First, all apologies for not writing game stories over the weekend. I didn't plan on taking the last two days of the season off, but we had a lot on our plate this weekend and couldn't catch up.
I'm sure you know by now, the Nats lost two of three to the Mets, a team that knew their manager and general manager would be fired after the last out of the season was recorded. Maybe that was the reason for the 14 innings yesterday.
You also know by now the Nats ended with a 69-93 record. Pythagoras had the Nats for 72 wins based on runs scored and allowed, so the team overall "underachieved" by three games. I predicted 68 wins at the start of the season. I'm not happy that I was pretty darn close to be right.
The 11-game improvement from last season is all bullpen. Last season, the pen was filled with players over their heads or past their prime and Joel Hanrahan, who was the unluckiest pitcher in baseball the first-half of last season (.431 BABiP). This season it has been a strength, finishing fourth in the N.L. in bullpen ERA and fifth in bullpen runs per game overall.
Tyler Clippard, Sean Burnett, Doug Slaten, Drew Storen and Joel Peralta all exceeded optimistic expectations. Will they continue to dominate in 2011? Will the Nats appoint a closer out of the group? Questions to ponder.
We knew at the beginning of the year that starting pitching was going to be a sore point for this team, and it certainly lived down to the fears. The Nats allowed the fifth most runs per games from their starters. John Lannan, Jason Marquis and Scott Olsen all faced injury and pitched poorly in the first half. Their absence exposed the lack of depth of Major League-ready arms in the Nats system.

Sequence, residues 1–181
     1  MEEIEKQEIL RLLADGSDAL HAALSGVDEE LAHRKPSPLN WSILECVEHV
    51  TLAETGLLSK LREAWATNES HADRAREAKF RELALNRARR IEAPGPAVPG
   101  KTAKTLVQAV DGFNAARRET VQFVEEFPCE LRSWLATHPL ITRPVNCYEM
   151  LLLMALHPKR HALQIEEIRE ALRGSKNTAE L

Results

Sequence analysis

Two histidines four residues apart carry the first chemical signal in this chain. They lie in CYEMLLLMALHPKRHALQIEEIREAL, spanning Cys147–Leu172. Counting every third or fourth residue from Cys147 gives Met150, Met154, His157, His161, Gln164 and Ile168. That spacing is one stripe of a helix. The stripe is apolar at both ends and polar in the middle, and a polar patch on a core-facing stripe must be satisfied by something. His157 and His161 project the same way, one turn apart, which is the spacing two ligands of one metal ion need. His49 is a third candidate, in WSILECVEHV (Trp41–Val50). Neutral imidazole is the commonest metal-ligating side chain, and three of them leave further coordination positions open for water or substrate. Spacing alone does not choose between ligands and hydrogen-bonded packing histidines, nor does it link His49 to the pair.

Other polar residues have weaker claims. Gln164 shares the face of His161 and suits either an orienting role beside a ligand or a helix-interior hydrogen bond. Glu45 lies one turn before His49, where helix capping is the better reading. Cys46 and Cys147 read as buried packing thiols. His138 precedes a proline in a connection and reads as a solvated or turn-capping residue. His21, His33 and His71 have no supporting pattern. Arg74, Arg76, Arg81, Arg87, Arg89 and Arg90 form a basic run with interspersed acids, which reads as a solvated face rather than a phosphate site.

Of all the pitchers to start more than one game for the Nats -- eleven total -- only three had ERAs lower than 4.25: Livan Hernandez (3.66), Stephen Strasburg (2.91)... and J.D. Martin (1-5, 4.13 in nine starts).
Martin's record with decent ERA leads the discussion to the Nats' biggest failure this season: the hitting.
Washington scored the third fewest runs per game (4.04), more than just Houston and Pittsburgh. What should have been a strength was their biggest liability. And it all started at the top of the order.
Anyone thinking that Nyjer Morgan would duplicate his six week stint from 2009 was kidding themselves. But what Morgan did this season also was worse than any doomsday prediction for him. Morgan hit .253/.319/.314 out of the leadoff spot. That's abominable. The only thing worse than the production was not correcting the course, something the Nationals had several opportunities to do, but decided against each time.
You can't drive runs in if no one is on base, and that's reflected in the numbers. The Nats had 15 batters gather more than 100 plate appearances. Of those, just four had OBPs higher than .327: Josh Willingham (.389), Ryan Zimmerman (.388), Adam Dunn (.356) and Michael Morse (.352). That's right, Cristian Guzman's .327 OBP was fifth best on the Nats this year. Ugh.
The defense, in a word, stunk. The Nats tied for last in the N.L. with Pittsburgh in team errors (127), and that only begins to describe the fielding woes. But the Nats did make 19 fewer errors than in 2009, so I guess it's a start.
General Manager Mike Rizzo has already gone on record as desiring a No. 1-type starter this off-season. It's a nice proposition, but there's only one of those in the free agent class, Cliff Lee. And he's sure to garner attention from all the big players. But this team has a lot of places on the roster it can upgrade.